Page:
German Regulators Make Google's Gaffe Worse

Making a bad situation worse, privacy officials in Germany are demanding that Google turn over the data it collected from WiFi networks.

The German regulators reportedly say they want to see the extent of the data collection for themselves. The regulators also presumably want to preserve evidence of Google's potential breach of the country's privacy law.

But it's hard to see how providing a foreign government with users' data protects them. After all, if Google violated people's privacy by spying on them, wouldn't handing over that data to the government violate people's privacy a second time? Clearly the consequences to individual users can be far worse once the government gets its hands on people's data.

Google, for all its power, can't actually arrest anyone. Or wiretap people's lines for evidence. For that matter, Google -- and other corporations -- can't actually violate people's rights to free speech, or to be free from unlawful searches and seizures. Only the government can.

While it's possible that the privacy authorities in Germany would be required to keep secret any information that they learn about individual users, there are no guarantees. The more people who have access to information, the more likely it is to become generally available.

Ultimately, the reason why people care about privacy is because they don't want information about themselves shared with third parties. If Google collected data that's never been used, and that can be destroyed without ever being seen by others, then doing so appears to protect people's privacy more than turning it over for inspection.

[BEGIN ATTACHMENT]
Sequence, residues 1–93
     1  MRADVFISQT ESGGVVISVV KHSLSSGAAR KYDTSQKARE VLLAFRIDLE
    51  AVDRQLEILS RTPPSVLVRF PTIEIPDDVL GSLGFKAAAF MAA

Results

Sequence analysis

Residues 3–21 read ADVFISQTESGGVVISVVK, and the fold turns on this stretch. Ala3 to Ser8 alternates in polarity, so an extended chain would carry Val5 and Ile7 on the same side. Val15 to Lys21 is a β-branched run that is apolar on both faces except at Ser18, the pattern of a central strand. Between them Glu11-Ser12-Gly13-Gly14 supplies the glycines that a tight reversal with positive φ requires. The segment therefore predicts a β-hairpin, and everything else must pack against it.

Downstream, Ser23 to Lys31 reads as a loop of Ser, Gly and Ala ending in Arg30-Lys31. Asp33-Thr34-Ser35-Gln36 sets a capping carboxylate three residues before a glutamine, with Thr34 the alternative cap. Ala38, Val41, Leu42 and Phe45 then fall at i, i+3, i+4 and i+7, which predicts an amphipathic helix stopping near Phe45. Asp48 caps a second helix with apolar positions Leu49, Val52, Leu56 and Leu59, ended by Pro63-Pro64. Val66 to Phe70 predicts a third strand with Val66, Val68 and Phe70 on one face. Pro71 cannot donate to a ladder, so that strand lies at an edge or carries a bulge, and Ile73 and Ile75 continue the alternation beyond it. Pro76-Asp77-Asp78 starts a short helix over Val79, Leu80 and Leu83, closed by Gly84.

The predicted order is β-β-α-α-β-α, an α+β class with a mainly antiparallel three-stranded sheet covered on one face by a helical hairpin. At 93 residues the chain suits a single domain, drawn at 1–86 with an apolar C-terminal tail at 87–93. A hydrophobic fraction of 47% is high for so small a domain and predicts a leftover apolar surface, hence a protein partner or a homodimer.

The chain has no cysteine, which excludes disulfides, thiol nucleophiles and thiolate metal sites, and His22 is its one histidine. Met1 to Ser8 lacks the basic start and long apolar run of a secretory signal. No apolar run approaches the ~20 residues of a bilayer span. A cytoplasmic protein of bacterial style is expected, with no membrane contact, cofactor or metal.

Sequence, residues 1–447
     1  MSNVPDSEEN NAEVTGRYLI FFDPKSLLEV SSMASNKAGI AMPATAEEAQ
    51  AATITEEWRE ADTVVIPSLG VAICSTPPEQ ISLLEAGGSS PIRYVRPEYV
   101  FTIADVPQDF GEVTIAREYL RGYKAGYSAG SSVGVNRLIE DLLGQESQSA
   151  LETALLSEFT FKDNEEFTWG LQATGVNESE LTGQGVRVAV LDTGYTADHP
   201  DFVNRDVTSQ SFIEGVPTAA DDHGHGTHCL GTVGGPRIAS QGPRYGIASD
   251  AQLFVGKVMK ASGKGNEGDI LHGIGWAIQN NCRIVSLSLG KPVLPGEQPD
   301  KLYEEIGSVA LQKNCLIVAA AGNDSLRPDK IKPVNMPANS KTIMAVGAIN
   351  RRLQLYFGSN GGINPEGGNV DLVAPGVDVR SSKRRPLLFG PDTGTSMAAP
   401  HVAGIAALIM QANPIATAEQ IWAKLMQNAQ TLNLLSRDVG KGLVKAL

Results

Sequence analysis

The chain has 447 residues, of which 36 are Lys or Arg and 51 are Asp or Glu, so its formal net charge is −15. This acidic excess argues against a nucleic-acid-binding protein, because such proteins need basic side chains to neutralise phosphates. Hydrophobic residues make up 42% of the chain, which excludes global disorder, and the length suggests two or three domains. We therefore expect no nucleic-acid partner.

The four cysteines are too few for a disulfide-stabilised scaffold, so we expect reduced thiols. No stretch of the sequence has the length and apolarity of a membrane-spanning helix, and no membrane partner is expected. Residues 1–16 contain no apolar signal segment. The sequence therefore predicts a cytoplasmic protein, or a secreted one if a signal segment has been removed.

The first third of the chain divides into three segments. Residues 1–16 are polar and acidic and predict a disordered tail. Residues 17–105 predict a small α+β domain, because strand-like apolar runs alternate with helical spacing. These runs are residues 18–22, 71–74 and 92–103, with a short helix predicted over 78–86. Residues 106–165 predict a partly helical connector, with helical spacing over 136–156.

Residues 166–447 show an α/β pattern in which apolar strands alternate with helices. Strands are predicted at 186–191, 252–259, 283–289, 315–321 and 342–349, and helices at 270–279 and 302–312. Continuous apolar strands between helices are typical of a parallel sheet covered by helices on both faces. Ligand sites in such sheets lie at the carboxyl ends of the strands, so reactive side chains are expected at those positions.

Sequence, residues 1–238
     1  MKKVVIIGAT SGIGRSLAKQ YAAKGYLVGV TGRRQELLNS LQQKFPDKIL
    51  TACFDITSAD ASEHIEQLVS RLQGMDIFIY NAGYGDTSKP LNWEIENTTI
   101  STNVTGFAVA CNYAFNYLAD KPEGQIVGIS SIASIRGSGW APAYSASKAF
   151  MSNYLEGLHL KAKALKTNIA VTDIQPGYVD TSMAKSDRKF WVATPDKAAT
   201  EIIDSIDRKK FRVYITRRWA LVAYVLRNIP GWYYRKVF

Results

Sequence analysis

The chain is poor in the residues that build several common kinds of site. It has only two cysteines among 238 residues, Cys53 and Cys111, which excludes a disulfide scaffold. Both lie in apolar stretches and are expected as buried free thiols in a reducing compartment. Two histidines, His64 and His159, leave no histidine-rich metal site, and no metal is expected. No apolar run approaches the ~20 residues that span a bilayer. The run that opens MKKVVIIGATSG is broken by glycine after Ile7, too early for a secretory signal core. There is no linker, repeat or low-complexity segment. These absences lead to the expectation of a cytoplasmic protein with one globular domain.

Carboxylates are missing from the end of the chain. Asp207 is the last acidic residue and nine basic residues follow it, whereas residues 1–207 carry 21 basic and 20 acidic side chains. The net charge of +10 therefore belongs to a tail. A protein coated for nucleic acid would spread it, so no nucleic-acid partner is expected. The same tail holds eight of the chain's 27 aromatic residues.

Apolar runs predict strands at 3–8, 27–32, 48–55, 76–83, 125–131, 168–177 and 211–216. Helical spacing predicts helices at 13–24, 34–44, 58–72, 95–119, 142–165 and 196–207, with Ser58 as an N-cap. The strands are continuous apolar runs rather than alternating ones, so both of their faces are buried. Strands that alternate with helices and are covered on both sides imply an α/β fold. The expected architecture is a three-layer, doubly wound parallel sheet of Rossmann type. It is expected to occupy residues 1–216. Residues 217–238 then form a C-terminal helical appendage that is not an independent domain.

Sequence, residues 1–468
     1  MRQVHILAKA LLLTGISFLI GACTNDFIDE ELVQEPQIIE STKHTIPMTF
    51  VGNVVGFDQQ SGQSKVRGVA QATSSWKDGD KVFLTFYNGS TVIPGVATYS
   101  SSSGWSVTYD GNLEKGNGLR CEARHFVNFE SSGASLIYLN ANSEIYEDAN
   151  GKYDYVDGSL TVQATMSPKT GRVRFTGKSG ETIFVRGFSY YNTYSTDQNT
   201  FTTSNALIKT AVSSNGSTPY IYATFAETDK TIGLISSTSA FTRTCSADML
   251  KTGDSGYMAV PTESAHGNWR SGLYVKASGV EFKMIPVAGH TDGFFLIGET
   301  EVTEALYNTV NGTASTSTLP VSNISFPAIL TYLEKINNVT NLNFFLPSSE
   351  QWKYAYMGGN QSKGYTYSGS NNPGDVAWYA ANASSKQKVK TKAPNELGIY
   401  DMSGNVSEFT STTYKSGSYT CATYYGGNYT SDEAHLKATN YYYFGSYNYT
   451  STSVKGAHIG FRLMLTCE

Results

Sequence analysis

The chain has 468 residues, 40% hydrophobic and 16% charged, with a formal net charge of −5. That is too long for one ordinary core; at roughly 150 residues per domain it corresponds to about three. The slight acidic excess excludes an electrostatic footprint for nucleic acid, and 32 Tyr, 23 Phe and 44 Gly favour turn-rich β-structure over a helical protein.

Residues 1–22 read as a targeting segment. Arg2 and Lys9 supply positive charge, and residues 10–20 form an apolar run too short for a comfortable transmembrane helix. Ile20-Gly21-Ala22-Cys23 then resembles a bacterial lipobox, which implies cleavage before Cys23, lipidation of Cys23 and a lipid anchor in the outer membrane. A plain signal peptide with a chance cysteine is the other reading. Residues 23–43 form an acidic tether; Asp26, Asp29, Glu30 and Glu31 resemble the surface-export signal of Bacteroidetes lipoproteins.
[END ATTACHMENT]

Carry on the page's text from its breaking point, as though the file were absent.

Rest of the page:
2 comments about "German Regulators Make Google's Gaffe Worse".
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  1. Karl Wabst from The 56 Group, May 18, 2010 at 8:13 p.m.

    It was the German government's inquiry that exposed Google's misdeeds in the first place.

    Google may have broken the law in Germany and other countries. The evidence of a crime must be preserved for potential prosecution. If a company breaks the law in country X, country x has an obligation to gather & examine evidence.

    Do you propose simply taking Google's word that they never used the data? If we took Google's word for their practices, they would still be collecting the data.

    If the US had a Federal level privacy law, that was actually enforced, Google & the US would not have to depend upon a foreign country to protect users & data rights.

  2. Theresa m. Moore from Antellus, May 20, 2010 at 1:42 p.m.

    Unfortunately that is not the extent of Google's outlaw practices. Those of us who publish books and then post them on the Google Partner Program run the risk of having our content kept by Google in perpetuity regardless of our wishes. I have had trouble just removing out of print book files and had been interested in posting ebooks to Google Editions, but the lack of movement in removing the printed versions from the search engine has led me to reconsider participating at all. I'll stick with Kindle and other ebook sellers, and have the option to remove my titles when they are no longer in circulation. On the book list there is NO delete button. This means once it's on there, no force on Earth will shift them to act on request. This is in effect book piracy of the subtlest and most insidious order. I am giving them until the end of next week, then I am closing the Google Partner account and moving on to greener pastures.

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